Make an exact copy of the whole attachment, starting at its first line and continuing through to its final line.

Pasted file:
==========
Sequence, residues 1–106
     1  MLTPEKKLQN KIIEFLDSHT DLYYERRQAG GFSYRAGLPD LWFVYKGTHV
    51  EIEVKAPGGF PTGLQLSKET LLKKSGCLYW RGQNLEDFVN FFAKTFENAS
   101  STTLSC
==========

Sequence, residues 1–106
     1  MLTPEKKLQN KIIEFLDSHT DLYYERRQAG GFSYRAGLPD LWFVYKGTHV
    51  EIEVKAPGGF PTGLQLSKET LLKKSGCLYW RGQNLEDFVN FFAKTFENAS
   101  STTLSC